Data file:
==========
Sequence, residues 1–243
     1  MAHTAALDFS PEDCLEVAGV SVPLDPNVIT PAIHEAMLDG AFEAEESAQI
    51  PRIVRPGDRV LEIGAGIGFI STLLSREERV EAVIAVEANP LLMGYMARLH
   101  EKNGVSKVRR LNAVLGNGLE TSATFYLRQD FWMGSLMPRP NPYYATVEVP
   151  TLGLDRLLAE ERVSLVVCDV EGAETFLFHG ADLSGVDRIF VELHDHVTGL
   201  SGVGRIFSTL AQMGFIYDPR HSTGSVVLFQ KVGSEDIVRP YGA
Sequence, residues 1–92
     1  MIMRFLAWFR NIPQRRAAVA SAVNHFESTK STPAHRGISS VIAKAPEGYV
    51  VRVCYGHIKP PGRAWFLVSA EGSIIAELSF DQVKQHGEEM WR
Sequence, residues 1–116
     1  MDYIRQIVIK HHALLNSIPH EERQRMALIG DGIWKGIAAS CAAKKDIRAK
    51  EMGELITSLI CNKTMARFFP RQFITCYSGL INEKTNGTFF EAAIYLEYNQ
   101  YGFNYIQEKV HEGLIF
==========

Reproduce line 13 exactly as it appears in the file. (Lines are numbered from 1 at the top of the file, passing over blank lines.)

   101  YGFNYIQEKV HEGLIF